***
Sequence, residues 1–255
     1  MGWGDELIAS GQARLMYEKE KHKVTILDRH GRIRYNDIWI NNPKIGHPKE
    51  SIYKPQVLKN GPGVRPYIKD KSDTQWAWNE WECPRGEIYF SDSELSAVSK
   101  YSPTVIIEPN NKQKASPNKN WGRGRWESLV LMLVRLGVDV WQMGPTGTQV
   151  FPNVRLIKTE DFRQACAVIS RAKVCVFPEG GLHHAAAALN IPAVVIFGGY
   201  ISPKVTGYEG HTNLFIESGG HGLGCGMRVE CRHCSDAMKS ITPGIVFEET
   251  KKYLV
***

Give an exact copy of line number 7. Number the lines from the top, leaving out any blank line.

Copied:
   251  KKYLV